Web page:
Nocturnal birds of prey, owls have figured in world cultures throughout history, from Greek mythology to Harry Potter’s Hedwig.
Artists and writers have long been drawn to owls as symbols of wisdom, envoys to the spirit world, or as harbingers of misfortune. Selected from The Carle’s storage vault, Illustrated Owls features, among others, Garth Williams’s Children’s Book Week poster from 1955, Ezra Jack Keats’s lithograph from Zoo Where Are You? (1964), Maurice Sendak’s lithograph from A Kiss for Little Bear (1971), José Areugo and Ariane Dewey’s watercolor from Owliver (1974), Barry Moser’s resingrave print from The Pennyroyal Caxton Edition of the Holy Bible (1999), and numerous E. H. Shepard illustrations of Owl, Pooh, Tigger, and other friends in the Hundred Acre Wood. Also showcased is a display of first-edition Beatrix Potter books recently donated by Barbara Elleman and featuring Owl Brown in The Tale of Squirrel Nutkin (1903).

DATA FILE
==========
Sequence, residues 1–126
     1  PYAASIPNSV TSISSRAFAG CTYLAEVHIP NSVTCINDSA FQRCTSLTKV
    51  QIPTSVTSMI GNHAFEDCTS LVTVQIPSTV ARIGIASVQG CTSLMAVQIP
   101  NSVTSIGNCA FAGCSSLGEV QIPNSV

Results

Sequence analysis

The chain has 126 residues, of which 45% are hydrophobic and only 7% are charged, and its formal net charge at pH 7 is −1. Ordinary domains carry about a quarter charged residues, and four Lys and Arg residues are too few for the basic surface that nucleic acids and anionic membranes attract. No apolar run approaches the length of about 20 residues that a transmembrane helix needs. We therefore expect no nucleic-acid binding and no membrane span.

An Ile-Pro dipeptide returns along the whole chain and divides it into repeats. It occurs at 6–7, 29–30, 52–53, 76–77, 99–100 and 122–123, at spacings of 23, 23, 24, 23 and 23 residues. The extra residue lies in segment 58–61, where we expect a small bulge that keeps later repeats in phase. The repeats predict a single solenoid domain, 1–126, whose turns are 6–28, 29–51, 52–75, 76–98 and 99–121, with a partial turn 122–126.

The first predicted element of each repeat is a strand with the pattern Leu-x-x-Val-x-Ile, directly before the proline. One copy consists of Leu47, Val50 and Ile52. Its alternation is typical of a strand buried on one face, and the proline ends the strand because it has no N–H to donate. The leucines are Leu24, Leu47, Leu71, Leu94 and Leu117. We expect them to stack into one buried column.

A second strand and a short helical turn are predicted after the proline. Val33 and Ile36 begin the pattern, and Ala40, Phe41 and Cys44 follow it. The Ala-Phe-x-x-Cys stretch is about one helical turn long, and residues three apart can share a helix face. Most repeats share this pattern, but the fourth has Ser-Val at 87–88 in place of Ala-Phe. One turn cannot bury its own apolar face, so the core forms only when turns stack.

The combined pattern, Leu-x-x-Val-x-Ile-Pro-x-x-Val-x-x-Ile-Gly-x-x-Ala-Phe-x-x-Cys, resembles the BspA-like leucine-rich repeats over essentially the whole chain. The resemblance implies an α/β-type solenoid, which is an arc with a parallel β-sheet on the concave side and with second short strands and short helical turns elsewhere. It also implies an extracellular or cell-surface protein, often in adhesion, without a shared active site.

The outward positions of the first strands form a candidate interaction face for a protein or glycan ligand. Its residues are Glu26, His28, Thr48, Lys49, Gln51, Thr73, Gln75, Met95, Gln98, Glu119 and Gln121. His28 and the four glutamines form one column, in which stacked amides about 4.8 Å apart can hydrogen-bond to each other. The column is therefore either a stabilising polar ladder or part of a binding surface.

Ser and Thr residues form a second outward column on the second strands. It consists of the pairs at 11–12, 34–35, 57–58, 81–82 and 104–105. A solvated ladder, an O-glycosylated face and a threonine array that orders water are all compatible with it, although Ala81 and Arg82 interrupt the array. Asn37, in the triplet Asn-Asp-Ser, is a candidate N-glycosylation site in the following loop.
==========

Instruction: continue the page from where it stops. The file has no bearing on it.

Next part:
Credit: Exhibition overview from museum website.